529-34 AD – THE TRADITION OF LAW
The Code of Justinian: Justinian collects and codifies the law of all parts and periods of the Roman empire into the famous Corpus Juris Civilis. This becomes the origin and basis of modern law and constitutions. The shadowy Bureau of Barbarians comes into being – considered by the CIA the first modern intelligence service; a model for all such agencies in the future.
532-37 AD – ARCHITECTURE, GOLDEN AGE
Emperor Justinian builds the Hagia Sophia – the greatest architectural wonder of the known world.
750-850 AD – MODIFICATION
Sometime during this period the Donation of Constanine, a forged imperial edict, is created. It will be used in the Latin West to justify the doctrines of Development of Doctrine and of Papal Supremacy. In the 15th century, the Papacy will realize it is a forgery, and will abandon the document. They will later admit to the world it is forged, but will retain the doctrines that the forgery seems to support.
787,842 AD The Triumph of Orthodoxy.
864 AD – BAPTISM OF BULGARIA
Sts. Cyril and Methodius have been sent as missionaries to the Slavs by Patriarch St. Photius. They immediately begin creating a written language for the slavs, and then translate all the liturigcal works and the scriptures into Cyrillic.
988 AD – BAPTISM OF RUSSIA
The baptism of Russia, again from the work of Sts. Cyril and Methodius.
1143-51 AD AESTHETIC REFLECTIONS OF THE FILIOQUE
Recognized for their brilliance as the masters of the mosaic art form, mosaicists of Constantinople are invited to decorate churches in the Norman kingdom of Sicily. Later Latin artists will regard these not as an art form in itself, but as an inferior development in their own artistic history, preferring painting and realism over mosaic and expressionism. The historiography of art in the West (e.g the Renaissances of the 12, and then the 14th-17 centuries) are microcosms of the departure of the West from its Orthodox origins. For instance, the artists of the 12th century renaissance, would draw heavily on scholastic interests – the supposed intersection of religion and philosophy – trying to express the divine by representing the world in mathematical schemas of geometric forms – again, an attempt to draw analogy between creation and Creator. The Orthodox did not “develop” in this way, because they did not share this worldview but actively and expressly rejected it as heresy. At this point, Byzantium is still the center of high culture in Europe, with its own great universities not steeped in scholasticism.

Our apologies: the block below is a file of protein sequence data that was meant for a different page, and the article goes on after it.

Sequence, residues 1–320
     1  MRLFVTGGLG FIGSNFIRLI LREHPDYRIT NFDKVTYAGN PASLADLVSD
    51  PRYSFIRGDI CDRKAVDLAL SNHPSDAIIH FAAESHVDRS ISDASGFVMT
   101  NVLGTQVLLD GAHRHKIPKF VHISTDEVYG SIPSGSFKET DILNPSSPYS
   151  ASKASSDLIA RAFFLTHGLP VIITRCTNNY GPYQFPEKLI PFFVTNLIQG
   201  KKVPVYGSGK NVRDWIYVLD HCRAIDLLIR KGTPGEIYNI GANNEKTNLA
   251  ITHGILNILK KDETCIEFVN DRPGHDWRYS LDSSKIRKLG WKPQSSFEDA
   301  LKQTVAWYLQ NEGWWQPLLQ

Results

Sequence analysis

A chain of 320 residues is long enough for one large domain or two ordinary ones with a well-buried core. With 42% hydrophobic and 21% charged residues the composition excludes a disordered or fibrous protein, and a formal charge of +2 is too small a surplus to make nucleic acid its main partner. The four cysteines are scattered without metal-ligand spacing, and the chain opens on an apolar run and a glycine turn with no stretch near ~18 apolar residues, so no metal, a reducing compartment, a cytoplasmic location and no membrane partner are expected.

In the west, perhaps most poignantly expressed in the conflict between Galileo and the Latin Church, any development in philosophy would create a corresponding development in theology, and vice versa. This would become quite evident with the Latin rediscovery of Aristotle and the development of the Latin doctrine of transubstantiation.